Shall we dance on the grave of creativity?
Steven Spielberg’s adaptation of Ernest Cline’s novelReady Player Onecame out this past week. DespiteMatt’s review, the movie isdoing quite well at the box office, so it’s no surprise that studios are going to be clamoring over all of Cline’s other books. Problem is there is only one other, Armada.
Armada, which came out a few years after Ready Player One, is what would happen if you tookThe Last Starfighter, crossed it with Ender’s Game, and shoved it full of cultural references like it were a Thanksgiving Turducken. The story follows nerdy high school senior Zack and shows how just maybe all of those video games and science fiction books he consumed growing up weren’t put to waste. The story also borrows some elements from the famous Polybius conspiracy that has circulated around video gaming circles for years.
The movie rights were purchased a mere six months after the release of the book but that was the last news heard about it. Today Universal Studios officially moved forward with production by namingWrath of the TitansandThe FlashwriterDan Mazeau as the screenwriter who will work off of a treatment that Cline wrote himself. No timetable has been given for the release, but I would expect this sometime in 2020 — don’t want the iron to get too cool.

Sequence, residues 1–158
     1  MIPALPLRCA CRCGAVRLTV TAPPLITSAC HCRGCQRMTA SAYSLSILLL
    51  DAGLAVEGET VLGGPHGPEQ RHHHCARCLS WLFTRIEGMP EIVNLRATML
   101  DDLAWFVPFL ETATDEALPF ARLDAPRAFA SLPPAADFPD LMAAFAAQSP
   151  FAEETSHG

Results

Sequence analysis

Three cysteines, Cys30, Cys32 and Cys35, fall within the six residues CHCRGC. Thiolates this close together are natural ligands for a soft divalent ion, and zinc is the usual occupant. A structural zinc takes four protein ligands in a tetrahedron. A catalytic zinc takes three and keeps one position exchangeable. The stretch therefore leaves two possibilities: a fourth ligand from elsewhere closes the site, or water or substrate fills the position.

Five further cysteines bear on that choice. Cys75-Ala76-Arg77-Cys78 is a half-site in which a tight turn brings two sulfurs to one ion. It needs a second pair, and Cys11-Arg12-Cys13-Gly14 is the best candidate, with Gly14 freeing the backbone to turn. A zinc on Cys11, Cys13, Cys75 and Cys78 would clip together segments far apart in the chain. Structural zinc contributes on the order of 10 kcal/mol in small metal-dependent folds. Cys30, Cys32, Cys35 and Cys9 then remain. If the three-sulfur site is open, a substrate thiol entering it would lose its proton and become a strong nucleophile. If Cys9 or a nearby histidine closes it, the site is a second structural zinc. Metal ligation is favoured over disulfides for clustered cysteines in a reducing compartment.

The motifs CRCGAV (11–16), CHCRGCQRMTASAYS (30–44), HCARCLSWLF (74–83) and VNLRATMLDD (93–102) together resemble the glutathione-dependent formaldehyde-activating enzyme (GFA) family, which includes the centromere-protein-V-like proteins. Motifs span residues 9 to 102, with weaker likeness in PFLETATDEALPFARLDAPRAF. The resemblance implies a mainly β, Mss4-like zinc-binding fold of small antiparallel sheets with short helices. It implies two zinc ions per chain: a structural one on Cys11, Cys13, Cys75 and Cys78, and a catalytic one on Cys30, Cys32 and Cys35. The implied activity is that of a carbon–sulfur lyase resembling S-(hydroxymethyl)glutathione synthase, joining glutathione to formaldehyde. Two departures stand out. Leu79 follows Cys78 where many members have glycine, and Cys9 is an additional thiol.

I say this next part as someone who genuinely loved my experience with readingReady Player Onedespite its flaws: Armada is a bad book. You know how every now and then a not-so-good writer comes along and writes a novel that is just so in tune with the pulse of the moment that you can overlook moderately bad writing because the story is perfectly aligned with the cultural zeitgeist? Bret Easton Ellis did it with American Psycho, and Armada revealed to me that Cline did it with Ready Player One. Armada was filled with nothing but cultural references and so little character development that I had to put it down after getting a third of the way through it, and I’m not one to put books down.
In reading reviews of Armada, a lot of the reviewers did note that the book had a cinematic feel so maybe the adaptation will be better than the source; that’s only really happened a few times that I can think of but when it does, it’s kinda nice.
‘Ready Player One’ Author Ernest Cline’s ‘Armada’ to Be Made Into a Movie[Slash Film]